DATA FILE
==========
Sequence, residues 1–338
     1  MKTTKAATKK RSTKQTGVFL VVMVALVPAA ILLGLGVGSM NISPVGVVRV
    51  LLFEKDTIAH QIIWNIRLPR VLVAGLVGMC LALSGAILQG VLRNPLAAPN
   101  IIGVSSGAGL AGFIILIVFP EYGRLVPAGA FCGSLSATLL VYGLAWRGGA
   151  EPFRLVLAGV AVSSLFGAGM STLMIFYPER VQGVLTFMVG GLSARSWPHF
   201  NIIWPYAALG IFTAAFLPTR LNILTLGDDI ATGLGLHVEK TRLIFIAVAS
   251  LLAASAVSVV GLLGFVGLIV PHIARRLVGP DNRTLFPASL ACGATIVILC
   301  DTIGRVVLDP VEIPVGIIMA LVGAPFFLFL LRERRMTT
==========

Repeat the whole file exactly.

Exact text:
Sequence, residues 1–338
     1  MKTTKAATKK RSTKQTGVFL VVMVALVPAA ILLGLGVGSM NISPVGVVRV
    51  LLFEKDTIAH QIIWNIRLPR VLVAGLVGMC LALSGAILQG VLRNPLAAPN
   101  IIGVSSGAGL AGFIILIVFP EYGRLVPAGA FCGSLSATLL VYGLAWRGGA
   151  EPFRLVLAGV AVSSLFGAGM STLMIFYPER VQGVLTFMVG GLSARSWPHF
   201  NIIWPYAALG IFTAAFLPTR LNILTLGDDI ATGLGLHVEK TRLIFIAVAS
   251  LLAASAVSVV GLLGFVGLIV PHIARRLVGP DNRTLFPASL ACGATIVILC
   301  DTIGRVVLDP VEIPVGIIMA LVGAPFFLFL LRERRMTT